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The day looked like it was going to be hot and the humidity levels even at this time of the morning were already on the rise, I was loading my truck getting ready for an early bird assault on an old surfacing area that has been productive for me over the years and wanted to make sure I hit the ground running with everything ready to go before things got too uncomfortable.
Summer gold detecting tends to be a run and gun exercise in the Southern Hemisphere, especially way up here on the Tropic of Capricorn, so I generally plan my trips for an early start with an eye to getting out before the midday suns zenith causes my brain to get too mirage affected.
The first guys into this area with the GPX 5000s using the Fine Gold Timings and small Monoloop coil’s had a whale of a time plucking hundreds of little water worn nuggets all over the place, so I decided to go with a which way bet and use the Commander 15 x 12-inch Mono. For me the Fine Gold Timings were of course the order of the day, but I was quite prepared to sacrifice some of the smaller pieces for the chance of getting my coil over a larger lump or two hidden at depths in the undulating clay base layer where the bulldozers of yesteryear had not gone deep enough. Bulldozed ground is much better to detect than excavated ground, as the blade of the dozer tends to run flat across the ground leaving any low parts and clipping the tops off humps, perfect for leaving nuggets at the drop offs of those humps, where as an excavator can follow the bottom not leaving very much at all.
I was also on the lookout for any blood red ground that seemed more mineralised that other areas, this was for two reasons. One was the Timings allow me to work these areas very effectively in the hopes that a good signal or two might still be lurking in the noisy ground. But secondly and probably more importantly for me on this occasion, due to amount of other operators pounding the area with smaller Mono coils, I was wanting to take advantage of the larger Mono coils ability to run quieter. Less windings (in a larger Mono) means they have slightly less sensitivity than the smaller coils used by the other operators, which also means less ground noise to deal with. The Commander 15 x 12-inch Mono fits this niche perfectly. They have excellent sensitivity to smaller gold, but also run nice and quite thanks to their larger size with the added bonus of getting much better depth than smaller coils.
Three hours later and a lot of sweat pouring out of every pore I was starting to wonder if my theories were flawed, I had tried every trick in the book and other than some steel off the dozer blades I had zero gold for my troubles.
Working my way back to my 4x4 I got a weird signal over some chunky quartz. Giving the quartz a kick produced a squeal of disapproval from my big toe as the quartz rock refused to budge. This is a good sign as it meant the rock was still locked into the clay, which meant any metal object under the quartz could very likely be gold. Sweat soaking into my eyes I levered and dug my way around the rock until with a huge amount of effort it rolled out of the hole. Steadily swinging the coil into the hole along with a whispered prayer for the signal to improve I heard a delicious warble that can only mean one thing, GOLD!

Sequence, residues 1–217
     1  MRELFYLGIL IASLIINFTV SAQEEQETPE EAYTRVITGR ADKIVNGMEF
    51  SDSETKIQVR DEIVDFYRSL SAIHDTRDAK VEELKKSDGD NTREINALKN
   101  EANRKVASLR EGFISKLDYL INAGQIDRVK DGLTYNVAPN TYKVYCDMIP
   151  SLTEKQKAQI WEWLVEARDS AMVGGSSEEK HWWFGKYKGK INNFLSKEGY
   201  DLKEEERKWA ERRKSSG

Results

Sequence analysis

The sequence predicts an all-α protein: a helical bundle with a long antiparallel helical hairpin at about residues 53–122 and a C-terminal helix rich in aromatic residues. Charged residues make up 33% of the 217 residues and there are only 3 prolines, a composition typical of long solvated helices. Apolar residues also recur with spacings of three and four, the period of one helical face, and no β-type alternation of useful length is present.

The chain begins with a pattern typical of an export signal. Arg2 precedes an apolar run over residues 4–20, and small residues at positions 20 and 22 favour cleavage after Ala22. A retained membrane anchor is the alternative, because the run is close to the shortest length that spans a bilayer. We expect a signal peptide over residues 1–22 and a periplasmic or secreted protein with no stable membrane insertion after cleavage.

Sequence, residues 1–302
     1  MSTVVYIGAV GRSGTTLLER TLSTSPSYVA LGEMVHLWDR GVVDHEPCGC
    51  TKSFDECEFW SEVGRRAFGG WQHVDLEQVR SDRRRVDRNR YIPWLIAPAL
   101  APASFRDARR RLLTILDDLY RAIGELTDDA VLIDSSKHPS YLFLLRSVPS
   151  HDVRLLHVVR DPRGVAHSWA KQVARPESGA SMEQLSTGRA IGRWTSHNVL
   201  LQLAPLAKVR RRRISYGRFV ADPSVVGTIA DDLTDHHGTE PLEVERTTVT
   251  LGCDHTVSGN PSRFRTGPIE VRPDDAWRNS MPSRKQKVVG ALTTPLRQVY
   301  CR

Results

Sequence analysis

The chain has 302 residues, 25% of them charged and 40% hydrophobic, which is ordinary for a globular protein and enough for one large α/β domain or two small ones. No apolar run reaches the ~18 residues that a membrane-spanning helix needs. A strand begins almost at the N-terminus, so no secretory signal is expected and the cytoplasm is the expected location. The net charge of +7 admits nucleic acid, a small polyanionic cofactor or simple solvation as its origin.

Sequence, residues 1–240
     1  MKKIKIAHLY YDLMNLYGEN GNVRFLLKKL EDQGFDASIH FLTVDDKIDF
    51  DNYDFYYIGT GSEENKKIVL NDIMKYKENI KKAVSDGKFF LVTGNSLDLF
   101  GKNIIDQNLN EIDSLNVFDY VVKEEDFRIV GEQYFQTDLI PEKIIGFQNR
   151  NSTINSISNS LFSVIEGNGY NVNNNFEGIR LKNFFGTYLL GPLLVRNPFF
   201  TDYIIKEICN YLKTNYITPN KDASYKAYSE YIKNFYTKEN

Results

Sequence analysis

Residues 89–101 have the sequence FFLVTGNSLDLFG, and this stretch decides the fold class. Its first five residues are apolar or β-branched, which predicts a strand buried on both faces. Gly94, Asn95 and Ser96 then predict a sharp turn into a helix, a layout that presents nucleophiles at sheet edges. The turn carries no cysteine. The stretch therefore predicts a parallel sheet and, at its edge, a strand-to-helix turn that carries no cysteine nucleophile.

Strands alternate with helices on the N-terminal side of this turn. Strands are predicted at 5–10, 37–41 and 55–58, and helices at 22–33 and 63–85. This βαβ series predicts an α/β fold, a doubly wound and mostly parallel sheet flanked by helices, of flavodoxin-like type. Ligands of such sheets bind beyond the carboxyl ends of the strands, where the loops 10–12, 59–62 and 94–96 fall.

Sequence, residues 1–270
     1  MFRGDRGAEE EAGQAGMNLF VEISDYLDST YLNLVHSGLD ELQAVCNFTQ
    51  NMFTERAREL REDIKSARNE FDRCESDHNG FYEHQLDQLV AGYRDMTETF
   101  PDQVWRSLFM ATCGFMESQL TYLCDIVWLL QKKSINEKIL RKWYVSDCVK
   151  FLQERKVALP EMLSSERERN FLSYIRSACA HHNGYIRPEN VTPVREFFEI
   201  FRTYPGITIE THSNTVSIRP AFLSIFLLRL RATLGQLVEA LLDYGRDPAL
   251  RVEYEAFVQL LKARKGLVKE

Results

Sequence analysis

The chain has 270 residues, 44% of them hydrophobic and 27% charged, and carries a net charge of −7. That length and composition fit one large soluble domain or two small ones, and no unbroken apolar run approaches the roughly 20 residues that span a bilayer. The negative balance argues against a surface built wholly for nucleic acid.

30 minutes later and with me now swimming in sweat, the signal was still in there and I was fast running out of puff, the clays were so compacted that every tiny bit I managed to remove from the hole took massive amounts of exertion to break out, something that is not good on a stinking hot muggy day in full sunlight.
By this stage the signal was booming and I found myself silently cursing the fact I had not included my PRO-FIND 25 on my belt, this meant I had to guestimate where the signal actually was, which was very hard to do, because the signal was so loud! I had two choices, either enlarge the hole, which would require huge amounts of extra effort, or keep pounding at the by now pinching bottom of the hole. Lifting the pick up high above my head I swung with all my force driving the point deep into the quartz and clay hard pack, scooping out the resultant spoils I waved the coil over the pile and had the pleasure of the detector overloading on a target at the top of the pile.
That’s right you guessed it, I now had the mashed remains of what was once a beautiful 19-gram slug with a huge jagged pick head gouge out of one side, re-checking the hole I found the piece that had broken off.
I took my time refilled the hole after rechecking then dragged my sorry sweaty bones to the vehicle and got the air-con going ASAP. If only I had brought along my pin pointer, it had been invaluable on the 6-ounce nugget I found earlier this year at 2 ½ feet, you would think I would have kept it handy not sitting back at home on a shelf.
If I’d had my PRO-FIND 25 on hand I would now have a nice bright shiny unmarked 19-gram nugget to show off, instead I have a mangled chunk of scrap gold that is only good for smelting... Still at today's gold price it was a good day out with my Minelab.
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I have since remedied this problem by shouting myself two more PRO-FIND 25s for Christmas, one for my gold detecting gear and the other two for our coin shooting outfits, I got sick and tired of my boys commandeering the PRO-FIND 25 leaving me hundreds of metres away trying to locate coins and such without it.
Its funny how you get used to a device, I remember locating coins very easily in the PRE-PRO-FIND 25 days but now I feel absolutely naked without it, to the point I would rather not detect at all than go without it.